Sebago Lake in Maine is a special place. I've made a habit of visiting almost every year. The lush forests surrounding the lake, the wide open water, bald eagles, world-class lake kayaking, fishing, and pristine sandy beaches are all the things that make it worthwhile coming back to year after year.
There is a myriad ways to make a side table for the living room. So many different shapes, sizes and materials available. I've wanted to make something that would be modern, simple, functional, and durable.
After a series of sketches and renderings, I've settled on a design that is inspired by contrasts found in nature. A design that is beautiful by simplicity.
The New England seacoast is a magical place. Small fishing towns, beaches, miles of marshland, islands and inlets. The seacoast is a source of income for many local fishermen, business owners hoping to cater to the bustling summer beach industry, as well as a source of inspiration and creativity. Many antique shops and galleries are scattered throughout towns like Essex, Portsmouth, and York.
I am a lifelong progressive. I'm proud to say I am not a registered Democrat. My views are too far left, therefore, the Democratic Party is too far to the right for me.
New Hampshire has relatively good voting laws compared to states like Arizona and New York. Luckily, one does not need to be a registered Republican or Democrat to vote in either primary. Live Free Or Die.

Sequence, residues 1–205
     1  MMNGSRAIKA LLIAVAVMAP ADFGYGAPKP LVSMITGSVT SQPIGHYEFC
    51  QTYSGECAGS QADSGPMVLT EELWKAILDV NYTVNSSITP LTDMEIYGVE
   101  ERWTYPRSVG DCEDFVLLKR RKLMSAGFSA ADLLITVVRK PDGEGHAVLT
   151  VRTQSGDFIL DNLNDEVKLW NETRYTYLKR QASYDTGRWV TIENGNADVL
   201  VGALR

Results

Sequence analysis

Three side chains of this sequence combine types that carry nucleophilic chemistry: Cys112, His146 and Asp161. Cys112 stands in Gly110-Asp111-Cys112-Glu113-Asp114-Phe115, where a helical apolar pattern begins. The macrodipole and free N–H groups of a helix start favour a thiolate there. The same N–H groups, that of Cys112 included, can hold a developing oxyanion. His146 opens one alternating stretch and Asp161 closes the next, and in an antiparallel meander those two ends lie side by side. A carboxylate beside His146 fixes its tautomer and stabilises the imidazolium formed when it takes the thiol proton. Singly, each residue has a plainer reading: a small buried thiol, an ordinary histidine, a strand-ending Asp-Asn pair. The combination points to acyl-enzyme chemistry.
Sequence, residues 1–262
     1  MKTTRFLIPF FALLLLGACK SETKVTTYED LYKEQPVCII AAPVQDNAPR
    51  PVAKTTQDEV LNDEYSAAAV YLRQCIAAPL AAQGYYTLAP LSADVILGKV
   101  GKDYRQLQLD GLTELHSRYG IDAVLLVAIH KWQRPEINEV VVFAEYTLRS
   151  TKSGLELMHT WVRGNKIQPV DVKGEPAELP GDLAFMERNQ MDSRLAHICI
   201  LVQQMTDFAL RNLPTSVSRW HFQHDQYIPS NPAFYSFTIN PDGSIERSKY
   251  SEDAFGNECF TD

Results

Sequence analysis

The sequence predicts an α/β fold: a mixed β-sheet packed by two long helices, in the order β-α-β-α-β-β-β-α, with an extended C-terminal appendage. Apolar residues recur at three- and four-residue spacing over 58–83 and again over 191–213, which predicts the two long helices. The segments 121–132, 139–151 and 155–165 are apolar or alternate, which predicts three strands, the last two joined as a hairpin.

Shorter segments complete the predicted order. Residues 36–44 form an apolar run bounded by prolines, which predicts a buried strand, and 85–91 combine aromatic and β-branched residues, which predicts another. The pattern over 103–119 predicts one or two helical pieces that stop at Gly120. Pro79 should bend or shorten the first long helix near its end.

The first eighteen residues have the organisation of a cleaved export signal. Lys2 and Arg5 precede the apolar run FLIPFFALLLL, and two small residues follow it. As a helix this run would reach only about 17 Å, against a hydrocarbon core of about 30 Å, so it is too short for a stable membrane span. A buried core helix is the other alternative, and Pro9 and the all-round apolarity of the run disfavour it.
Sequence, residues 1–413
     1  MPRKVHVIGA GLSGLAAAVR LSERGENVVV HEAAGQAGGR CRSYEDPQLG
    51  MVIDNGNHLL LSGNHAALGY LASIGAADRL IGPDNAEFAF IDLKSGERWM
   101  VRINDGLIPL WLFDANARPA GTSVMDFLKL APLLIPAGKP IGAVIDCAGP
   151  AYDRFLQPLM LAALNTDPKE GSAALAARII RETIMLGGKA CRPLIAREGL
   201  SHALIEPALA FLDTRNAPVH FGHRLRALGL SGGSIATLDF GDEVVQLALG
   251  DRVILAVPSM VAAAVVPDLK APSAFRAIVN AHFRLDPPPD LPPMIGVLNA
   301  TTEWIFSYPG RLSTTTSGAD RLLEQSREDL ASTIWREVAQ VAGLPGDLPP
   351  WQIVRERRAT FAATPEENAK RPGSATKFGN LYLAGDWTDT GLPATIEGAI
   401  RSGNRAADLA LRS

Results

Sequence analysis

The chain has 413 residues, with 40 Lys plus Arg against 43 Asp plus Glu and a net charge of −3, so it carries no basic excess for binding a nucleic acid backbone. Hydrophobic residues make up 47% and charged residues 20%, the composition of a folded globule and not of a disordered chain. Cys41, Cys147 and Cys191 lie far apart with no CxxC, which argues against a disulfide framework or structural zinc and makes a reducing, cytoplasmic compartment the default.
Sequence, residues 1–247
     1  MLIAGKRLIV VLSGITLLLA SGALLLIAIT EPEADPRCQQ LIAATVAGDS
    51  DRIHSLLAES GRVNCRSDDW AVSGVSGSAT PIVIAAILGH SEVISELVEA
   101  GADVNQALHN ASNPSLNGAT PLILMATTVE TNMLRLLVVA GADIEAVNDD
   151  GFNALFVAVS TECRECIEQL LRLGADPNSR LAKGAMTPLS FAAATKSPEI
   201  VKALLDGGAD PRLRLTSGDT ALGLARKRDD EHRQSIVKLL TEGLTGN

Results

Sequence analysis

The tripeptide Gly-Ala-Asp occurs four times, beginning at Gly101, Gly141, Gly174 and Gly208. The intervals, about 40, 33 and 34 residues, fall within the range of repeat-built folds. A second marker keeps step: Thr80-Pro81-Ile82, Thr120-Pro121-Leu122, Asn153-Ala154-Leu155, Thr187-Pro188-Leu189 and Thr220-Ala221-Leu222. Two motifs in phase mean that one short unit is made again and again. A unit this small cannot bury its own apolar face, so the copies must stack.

As a lifelong progressive, registering as a Republican was never an option for me because I do not associate with conservative views. But I did not want to register as a Democrat either because the Democratic Party has drifted towards the right over the past couple decades and no longer represents the progressive base.
Recently I was working on building a DoJo-based widget (DoJo 1.X uses VanillaJS in the background) and I've spent a lot of time trying to figure out why a globally-defined array is getting updated across different instances of that widget.
Distracted in awe of Whistler's beautiful scenery, I suddenly realized that I only had one pole as I was about to get off Crystal Chair. Most of the lift line goes over rugged, wooded terrain, so my chances of finding the ski pole I somehow dropped were slim. Nevertheless, I spent about an hour trying to locate my pole, but eventually just ended up buying new poles.
That's how I ended up with a single pole, with no use to it.
Rather than throwing it out, I decided to upcycle it and make a wind chime.
Colorado doesn't need a ten paragraph blog post to explain the awesomeness of this place. So this time around, I won't bore you with the details. Not to say that there isn't much to talk about when it comes to my trip to Colorado a few weeks ago, but I figured this time, I'll let my photos do the talking.